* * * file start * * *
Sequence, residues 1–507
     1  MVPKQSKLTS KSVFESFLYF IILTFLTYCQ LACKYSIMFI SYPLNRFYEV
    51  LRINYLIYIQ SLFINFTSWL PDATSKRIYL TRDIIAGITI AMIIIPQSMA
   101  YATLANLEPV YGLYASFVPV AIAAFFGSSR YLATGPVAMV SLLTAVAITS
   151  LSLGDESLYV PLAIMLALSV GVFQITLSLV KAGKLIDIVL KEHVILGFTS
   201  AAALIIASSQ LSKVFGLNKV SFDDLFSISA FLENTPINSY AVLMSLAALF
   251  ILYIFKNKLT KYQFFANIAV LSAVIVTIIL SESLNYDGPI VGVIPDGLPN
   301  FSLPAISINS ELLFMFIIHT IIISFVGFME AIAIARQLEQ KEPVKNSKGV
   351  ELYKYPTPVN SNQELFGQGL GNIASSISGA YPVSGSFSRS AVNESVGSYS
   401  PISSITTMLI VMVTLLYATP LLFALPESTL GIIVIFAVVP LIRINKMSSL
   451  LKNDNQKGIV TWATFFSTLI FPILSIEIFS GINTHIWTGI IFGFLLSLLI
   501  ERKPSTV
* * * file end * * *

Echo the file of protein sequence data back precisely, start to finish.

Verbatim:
Sequence, residues 1–507
     1  MVPKQSKLTS KSVFESFLYF IILTFLTYCQ LACKYSIMFI SYPLNRFYEV
    51  LRINYLIYIQ SLFINFTSWL PDATSKRIYL TRDIIAGITI AMIIIPQSMA
   101  YATLANLEPV YGLYASFVPV AIAAFFGSSR YLATGPVAMV SLLTAVAITS
   151  LSLGDESLYV PLAIMLALSV GVFQITLSLV KAGKLIDIVL KEHVILGFTS
   201  AAALIIASSQ LSKVFGLNKV SFDDLFSISA FLENTPINSY AVLMSLAALF
   251  ILYIFKNKLT KYQFFANIAV LSAVIVTIIL SESLNYDGPI VGVIPDGLPN
   301  FSLPAISINS ELLFMFIIHT IIISFVGFME AIAIARQLEQ KEPVKNSKGV
   351  ELYKYPTPVN SNQELFGQGL GNIASSISGA YPVSGSFSRS AVNESVGSYS
   401  PISSITTMLI VMVTLLYATP LLFALPESTL GIIVIFAVVP LIRINKMSSL
   451  LKNDNQKGIV TWATFFSTLI FPILSIEIFS GINTHIWTGI IFGFLLSLLI
   501  ERKPSTV